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ARS Home » Northeast Area » Beltsville, Maryland (BARC) » Beltsville Agricultural Research Center » Animal Parasitic Diseases Laboratory » Research » Publications at this Location » Publication #363951

Research Project: Detection and Control of Foodborne Parasites for Food Safety

Location: Animal Parasitic Diseases Laboratory

Title: Littermate cats rescued from a shelter succumbed to acute, primary toxoplasmosis associated with TOXO DB genotype #4, generally circulating in wildlife

item CROUCH, ESTHER - Cornell University
item MITTEL, LINDA - Cornell University
item SOUTHARD, THERESA - Cornell University
item MURATA, FERNANDO - Non ARS Employee
item Kwok, Oliver
item SU, CHUNLEI - University Of Tennessee
item Dubey, Jitender

Submitted to: Parasitology International
Publication Type: Peer Reviewed Journal
Publication Acceptance Date: 6/14/2019
Publication Date: 10/1/2019
Citation: Crouch, E.E., Mittel, L.D., Southard, T.L., Cerqueira-Cezar, C.K., Murata, F.H., Kwok, O.C., Su, C., Dubey, J.P. 2019. Littermate cats rescued from a shelter succumbed to acute, primary toxoplasmosis associated with TOXO DB genotype #4, generally circulating in wildlife. Parasitology International. 72(2019):101942.

Interpretive Summary: Toxoplasmosis, caused by the single celled parasite, Toxoplasma gondii, continues to be a public health problem worldwide. This parasite infects all warm-blooded hosts, including humans. It causes mental retardation and loss of vision in children, and abortion in livestock. The ingestion of food and water contaminated with resistant stage of the parasite, the oocyst, is a major mode of transmission of this parasite. Of all the hosts infected, only cats are known to excrete oocysts in feces. Cats can excrete millions of oocysts after eating an infected prey, such as a mouse or a bird. Oocysts can survive outdoors for months and they are highly infectious to humans. Clinical toxoplasmosis in cats is relatively rare. Here, authors report sudden death in littermate kittens that were in Humane Society Shelter and had been adapted. Histological evidence suggested that kittens acquired toxoplasmosis recently and probably excreted Toxoplasma oocysts. Precautions for handling Toxoplasma infected cats and oocysts are outlined. These results will be of interest to biologists, veterinarians and parasitologists.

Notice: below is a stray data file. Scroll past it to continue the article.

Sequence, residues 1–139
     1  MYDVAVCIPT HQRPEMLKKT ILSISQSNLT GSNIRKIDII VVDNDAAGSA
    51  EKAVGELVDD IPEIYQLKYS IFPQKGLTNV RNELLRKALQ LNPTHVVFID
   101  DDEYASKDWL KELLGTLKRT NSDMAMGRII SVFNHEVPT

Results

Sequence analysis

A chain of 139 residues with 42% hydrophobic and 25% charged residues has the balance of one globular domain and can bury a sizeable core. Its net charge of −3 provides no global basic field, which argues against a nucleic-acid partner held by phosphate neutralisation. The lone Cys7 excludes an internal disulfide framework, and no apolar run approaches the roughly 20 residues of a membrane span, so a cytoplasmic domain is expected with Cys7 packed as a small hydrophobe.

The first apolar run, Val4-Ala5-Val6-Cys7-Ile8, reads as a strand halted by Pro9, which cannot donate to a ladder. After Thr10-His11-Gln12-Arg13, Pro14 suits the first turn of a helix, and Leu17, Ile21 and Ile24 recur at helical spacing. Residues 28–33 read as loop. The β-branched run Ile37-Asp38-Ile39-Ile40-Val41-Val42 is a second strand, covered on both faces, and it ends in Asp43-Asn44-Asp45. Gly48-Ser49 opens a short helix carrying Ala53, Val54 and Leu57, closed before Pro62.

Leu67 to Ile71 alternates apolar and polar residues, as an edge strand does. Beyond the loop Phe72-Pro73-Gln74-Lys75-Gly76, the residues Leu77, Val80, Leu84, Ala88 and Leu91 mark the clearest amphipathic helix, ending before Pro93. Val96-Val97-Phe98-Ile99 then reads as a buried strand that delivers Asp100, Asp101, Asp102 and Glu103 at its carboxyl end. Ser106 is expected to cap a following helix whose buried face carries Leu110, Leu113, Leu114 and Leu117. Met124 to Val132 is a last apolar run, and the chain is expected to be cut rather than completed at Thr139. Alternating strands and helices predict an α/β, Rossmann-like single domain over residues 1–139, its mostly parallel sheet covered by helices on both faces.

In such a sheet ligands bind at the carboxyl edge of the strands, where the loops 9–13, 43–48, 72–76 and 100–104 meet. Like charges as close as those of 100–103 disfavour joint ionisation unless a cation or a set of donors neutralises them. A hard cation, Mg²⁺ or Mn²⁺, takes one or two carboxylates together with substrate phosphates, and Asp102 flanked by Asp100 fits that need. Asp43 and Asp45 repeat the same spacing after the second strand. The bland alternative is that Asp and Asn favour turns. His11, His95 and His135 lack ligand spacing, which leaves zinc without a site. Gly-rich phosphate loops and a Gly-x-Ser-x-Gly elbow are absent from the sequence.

Technical Abstract: Cats are important in the epidemiology of Toxoplasma gondii infection because they are the only hosts that can excrete the environmentally resistant oocysts in the environment. Although exposure is common (approximately 30% of cats in the USA), clinical toxoplasmosis is relatively rare. Here, we report overwhelming disseminated toxoplasmosis in two litter mate 8-week-old kittens, thought to have acquired toxoplasmosis postnatally. Five domestic shorthair kittens, approximately 2-3 weeks of age, and the queen were found in upstate New York by a rescue group in spring of 2018. The kittens and queen were placed in a foster home for approximately 4-5 weeks and then transferred to a shelter. Two kittens died unexpectedly following a short illness. Postmortem examination of the two deceased kittens revealed overwhelming toxoplasmosis and the presence of entero-epithelial stages in small intestine, suggestive of recent ingestion of infected tissues. Antibodies to T. gondii were found in the deceased kittens and the queen but not in the three asymptomatic littermate kittens. No obvious cause of immunosuppression was demonstrated. Genetic typing of T. gondii from DNA extracted from liver and lungs of both kittens revealed Toxo DB #4 genotype, commonly found in wildlife. Owners and veterinarians should be aware of dangers of feeding raw meat to cats and contact with infected cat feces. Procedures to safely handle T. gondii infected feces in hospital setting are outlined.